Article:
German researchers claim they have found weaknesses in two commonly-used satellite encryption protocols that could render them vulnerable to eavesdropping in real time.
In the paper titled Don't Trust Satellite Phones (currently available only as an abstract), Benedikt Driessen and Ralf Hund of Ruhr University describe how they reverse engineered the GMR-1 and GMR-2 encryption algorithms or stream ciphers used to secure voice traffic on a range of commercial satellite networks.
The pair attacked different digital signal processor (DSP) firmware updates for two handsets, Thuraya’s GMR-1-based SO-2510, and Inmarsat’s GMR-2 IsatPhonePro, extracting the encryption keys used to secure communications in half an hour using a $2,000 setup.
According to an interview with the Daily Telegraph, the researchers believe a more powerful system could achieve the same results in real time, necessary in most cases for eavesdropping to be useful.
The market for satellite phones is extremely niche – explorations businesses, the military, rescue services – with up to half a million subscriptions worldwide.
Some caveats. The discoveries of Driessen and Hund are unlikely to worry the military or government, which invariably add extra layers of their own encryption, implemented in software on handsets, above and beyond GMR-1/2. An example of this would be Cellcrypt's Cellcrypt Mobile for Satellite software, and there will be FIPS-140-2 compliant equivalents available from other companies.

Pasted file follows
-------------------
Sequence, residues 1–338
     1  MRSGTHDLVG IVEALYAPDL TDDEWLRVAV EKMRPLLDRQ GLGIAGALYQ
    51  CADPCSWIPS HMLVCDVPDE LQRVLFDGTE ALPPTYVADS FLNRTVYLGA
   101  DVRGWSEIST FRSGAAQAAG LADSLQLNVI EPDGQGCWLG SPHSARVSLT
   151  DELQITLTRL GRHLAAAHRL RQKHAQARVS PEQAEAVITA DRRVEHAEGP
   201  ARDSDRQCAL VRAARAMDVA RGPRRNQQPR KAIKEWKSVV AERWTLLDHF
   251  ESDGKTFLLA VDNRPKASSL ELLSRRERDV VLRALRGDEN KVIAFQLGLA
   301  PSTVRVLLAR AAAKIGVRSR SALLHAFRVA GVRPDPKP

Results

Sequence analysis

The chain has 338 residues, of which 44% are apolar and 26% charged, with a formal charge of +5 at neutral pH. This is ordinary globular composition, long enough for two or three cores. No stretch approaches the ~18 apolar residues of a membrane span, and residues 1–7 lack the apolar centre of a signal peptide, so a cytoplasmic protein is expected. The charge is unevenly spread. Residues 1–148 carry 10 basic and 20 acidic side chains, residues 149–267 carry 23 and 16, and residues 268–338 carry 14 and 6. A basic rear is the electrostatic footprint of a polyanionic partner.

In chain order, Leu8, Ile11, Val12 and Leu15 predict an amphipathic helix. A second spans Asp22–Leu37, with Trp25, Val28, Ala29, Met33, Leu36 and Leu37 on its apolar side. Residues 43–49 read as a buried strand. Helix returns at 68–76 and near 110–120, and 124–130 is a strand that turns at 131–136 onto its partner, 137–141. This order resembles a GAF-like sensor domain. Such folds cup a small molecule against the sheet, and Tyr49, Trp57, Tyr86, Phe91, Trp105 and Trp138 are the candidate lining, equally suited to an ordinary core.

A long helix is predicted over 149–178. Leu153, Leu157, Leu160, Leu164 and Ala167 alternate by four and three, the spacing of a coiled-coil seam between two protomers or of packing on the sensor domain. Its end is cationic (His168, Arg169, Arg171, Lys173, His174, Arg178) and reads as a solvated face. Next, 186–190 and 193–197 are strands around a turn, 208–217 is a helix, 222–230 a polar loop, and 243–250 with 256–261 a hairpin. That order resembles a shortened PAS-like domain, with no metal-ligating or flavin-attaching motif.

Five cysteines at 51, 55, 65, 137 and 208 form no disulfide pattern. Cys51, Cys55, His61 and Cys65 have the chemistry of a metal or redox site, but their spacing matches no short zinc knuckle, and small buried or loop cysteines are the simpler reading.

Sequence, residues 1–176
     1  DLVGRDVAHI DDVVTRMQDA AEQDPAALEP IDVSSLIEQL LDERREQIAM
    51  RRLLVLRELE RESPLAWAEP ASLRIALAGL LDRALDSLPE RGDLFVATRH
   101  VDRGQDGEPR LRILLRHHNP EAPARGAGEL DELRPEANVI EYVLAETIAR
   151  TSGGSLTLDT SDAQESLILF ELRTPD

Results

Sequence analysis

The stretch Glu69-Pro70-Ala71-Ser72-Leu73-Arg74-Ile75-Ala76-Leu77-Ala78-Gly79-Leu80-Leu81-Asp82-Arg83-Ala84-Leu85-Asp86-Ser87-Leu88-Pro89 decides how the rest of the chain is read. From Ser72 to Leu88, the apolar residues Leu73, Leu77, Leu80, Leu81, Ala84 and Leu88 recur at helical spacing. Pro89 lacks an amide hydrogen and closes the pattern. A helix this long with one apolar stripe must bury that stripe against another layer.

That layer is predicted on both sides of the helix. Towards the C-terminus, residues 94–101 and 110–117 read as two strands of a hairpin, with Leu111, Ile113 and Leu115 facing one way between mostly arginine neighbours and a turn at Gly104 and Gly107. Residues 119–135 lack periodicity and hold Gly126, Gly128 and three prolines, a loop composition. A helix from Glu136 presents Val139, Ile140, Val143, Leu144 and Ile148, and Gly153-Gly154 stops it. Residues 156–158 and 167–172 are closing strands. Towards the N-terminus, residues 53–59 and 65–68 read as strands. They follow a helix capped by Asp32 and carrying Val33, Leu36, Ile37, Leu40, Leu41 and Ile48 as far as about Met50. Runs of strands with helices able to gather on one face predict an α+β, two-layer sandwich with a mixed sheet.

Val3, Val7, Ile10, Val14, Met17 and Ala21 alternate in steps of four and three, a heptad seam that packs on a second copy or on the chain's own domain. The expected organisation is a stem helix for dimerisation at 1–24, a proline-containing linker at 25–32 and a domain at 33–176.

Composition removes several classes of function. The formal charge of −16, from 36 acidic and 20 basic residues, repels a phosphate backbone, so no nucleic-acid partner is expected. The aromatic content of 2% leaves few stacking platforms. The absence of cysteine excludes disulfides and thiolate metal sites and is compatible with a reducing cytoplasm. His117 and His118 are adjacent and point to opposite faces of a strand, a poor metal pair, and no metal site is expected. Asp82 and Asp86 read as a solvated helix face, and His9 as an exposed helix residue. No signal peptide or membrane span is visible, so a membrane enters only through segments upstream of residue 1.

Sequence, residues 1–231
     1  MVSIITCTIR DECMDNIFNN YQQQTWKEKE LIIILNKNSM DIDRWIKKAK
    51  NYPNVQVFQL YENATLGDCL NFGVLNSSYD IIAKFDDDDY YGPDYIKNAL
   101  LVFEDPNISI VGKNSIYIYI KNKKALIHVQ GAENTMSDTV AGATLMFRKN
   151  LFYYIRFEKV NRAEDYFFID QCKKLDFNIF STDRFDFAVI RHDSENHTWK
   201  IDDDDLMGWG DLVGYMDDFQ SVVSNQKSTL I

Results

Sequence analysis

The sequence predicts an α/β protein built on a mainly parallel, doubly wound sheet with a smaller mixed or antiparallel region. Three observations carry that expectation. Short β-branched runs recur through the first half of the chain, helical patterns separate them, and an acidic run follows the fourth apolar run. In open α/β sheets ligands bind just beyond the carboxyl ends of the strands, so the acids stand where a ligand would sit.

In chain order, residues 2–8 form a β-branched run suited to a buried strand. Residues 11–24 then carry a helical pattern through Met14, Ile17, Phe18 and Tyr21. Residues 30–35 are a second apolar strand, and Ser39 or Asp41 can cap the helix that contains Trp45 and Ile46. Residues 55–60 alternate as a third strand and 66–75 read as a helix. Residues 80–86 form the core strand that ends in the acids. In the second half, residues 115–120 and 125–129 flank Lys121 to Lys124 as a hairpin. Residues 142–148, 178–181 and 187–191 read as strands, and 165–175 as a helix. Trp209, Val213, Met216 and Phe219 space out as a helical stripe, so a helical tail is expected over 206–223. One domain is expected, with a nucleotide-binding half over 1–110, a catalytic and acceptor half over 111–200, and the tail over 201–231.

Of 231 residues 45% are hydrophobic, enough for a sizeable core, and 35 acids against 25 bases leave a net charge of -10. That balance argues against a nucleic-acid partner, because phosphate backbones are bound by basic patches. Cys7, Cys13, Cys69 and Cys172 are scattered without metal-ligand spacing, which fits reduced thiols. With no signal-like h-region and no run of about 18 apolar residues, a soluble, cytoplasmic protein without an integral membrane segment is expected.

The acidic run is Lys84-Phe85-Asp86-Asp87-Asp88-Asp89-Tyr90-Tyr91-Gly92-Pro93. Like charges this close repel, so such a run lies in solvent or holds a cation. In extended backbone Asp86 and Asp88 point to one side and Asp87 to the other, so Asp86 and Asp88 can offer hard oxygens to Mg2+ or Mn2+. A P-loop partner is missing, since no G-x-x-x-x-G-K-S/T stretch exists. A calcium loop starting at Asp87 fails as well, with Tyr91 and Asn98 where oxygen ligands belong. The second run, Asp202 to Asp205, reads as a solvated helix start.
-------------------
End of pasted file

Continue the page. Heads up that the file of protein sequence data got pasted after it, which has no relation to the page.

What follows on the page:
This theoretical attack is mainly for commercial users who don’t employ extra security and ETSI, the standards body that looks after GMR-1 and 2/.
“Perhaps somewhat surprisingly, we found that the GMR-1 cipher can be considered a proprietary variant of the GSM A5/2 algorithm, whereas the GMR-2 cipher is an entirely new design,” said the researchers.
Interestingly, this reference to A5/2 echoes a hack of the A5/1 algorithm used to secure GSM phone calls two years ago by fellow-German researcher, Karsten Nohl. As with the latest attack, the important element of this was the ability to identify and capture the call stream, decrypting it in real time rather than doing so retrospectively or by deploying huge computing power.
Nohl followed this up last year with another and even more audacious attack based on a compromised Motorola handset.
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